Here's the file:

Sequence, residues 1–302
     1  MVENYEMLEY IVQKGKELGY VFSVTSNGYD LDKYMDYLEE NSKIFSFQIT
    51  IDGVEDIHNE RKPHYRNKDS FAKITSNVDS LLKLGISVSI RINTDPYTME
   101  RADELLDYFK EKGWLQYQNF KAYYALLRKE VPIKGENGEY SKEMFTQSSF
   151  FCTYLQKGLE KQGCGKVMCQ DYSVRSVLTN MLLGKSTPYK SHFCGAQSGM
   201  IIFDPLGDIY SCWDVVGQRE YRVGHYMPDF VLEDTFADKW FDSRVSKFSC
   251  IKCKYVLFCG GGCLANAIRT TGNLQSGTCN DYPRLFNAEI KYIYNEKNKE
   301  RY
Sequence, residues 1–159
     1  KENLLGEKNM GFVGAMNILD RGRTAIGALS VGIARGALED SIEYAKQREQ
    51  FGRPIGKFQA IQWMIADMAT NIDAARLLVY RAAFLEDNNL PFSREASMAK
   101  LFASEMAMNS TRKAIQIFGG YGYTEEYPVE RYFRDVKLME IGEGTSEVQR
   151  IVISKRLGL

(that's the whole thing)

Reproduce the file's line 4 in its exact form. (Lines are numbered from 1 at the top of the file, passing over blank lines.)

   101  RADELLDYFK EKGWLQYQNF KAYYALLRKE VPIKGENGEY SKEMFTQSSF